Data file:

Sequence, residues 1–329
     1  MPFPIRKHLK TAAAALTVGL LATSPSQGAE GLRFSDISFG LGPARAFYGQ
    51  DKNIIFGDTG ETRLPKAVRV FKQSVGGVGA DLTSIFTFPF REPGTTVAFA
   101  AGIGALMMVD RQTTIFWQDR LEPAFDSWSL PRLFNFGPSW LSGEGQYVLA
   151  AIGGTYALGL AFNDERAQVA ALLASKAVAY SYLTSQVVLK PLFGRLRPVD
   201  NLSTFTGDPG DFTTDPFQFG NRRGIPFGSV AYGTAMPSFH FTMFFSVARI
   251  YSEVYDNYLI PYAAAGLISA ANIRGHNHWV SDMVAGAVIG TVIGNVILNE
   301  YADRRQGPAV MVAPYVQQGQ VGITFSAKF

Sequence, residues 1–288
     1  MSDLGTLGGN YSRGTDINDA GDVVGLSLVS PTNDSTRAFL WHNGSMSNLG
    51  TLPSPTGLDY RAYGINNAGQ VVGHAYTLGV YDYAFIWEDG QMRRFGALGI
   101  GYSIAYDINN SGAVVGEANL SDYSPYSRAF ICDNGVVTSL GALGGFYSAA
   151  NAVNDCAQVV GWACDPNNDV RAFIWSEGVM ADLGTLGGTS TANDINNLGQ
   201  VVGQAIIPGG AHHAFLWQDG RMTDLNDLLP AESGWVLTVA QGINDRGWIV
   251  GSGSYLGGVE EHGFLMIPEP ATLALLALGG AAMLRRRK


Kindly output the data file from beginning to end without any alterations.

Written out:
Sequence, residues 1–329
     1  MPFPIRKHLK TAAAALTVGL LATSPSQGAE GLRFSDISFG LGPARAFYGQ
    51  DKNIIFGDTG ETRLPKAVRV FKQSVGGVGA DLTSIFTFPF REPGTTVAFA
   101  AGIGALMMVD RQTTIFWQDR LEPAFDSWSL PRLFNFGPSW LSGEGQYVLA
   151  AIGGTYALGL AFNDERAQVA ALLASKAVAY SYLTSQVVLK PLFGRLRPVD
   201  NLSTFTGDPG DFTTDPFQFG NRRGIPFGSV AYGTAMPSFH FTMFFSVARI
   251  YSEVYDNYLI PYAAAGLISA ANIRGHNHWV SDMVAGAVIG TVIGNVILNE
   301  YADRRQGPAV MVAPYVQQGQ VGITFSAKF

Sequence, residues 1–288
     1  MSDLGTLGGN YSRGTDINDA GDVVGLSLVS PTNDSTRAFL WHNGSMSNLG
    51  TLPSPTGLDY RAYGINNAGQ VVGHAYTLGV YDYAFIWEDG QMRRFGALGI
   101  GYSIAYDINN SGAVVGEANL SDYSPYSRAF ICDNGVVTSL GALGGFYSAA
   151  NAVNDCAQVV GWACDPNNDV RAFIWSEGVM ADLGTLGGTS TANDINNLGQ
   201  VVGQAIIPGG AHHAFLWQDG RMTDLNDLLP AESGWVLTVA QGINDRGWIV
   251  GSGSYLGGVE EHGFLMIPEP ATLALLALGG AAMLRRRK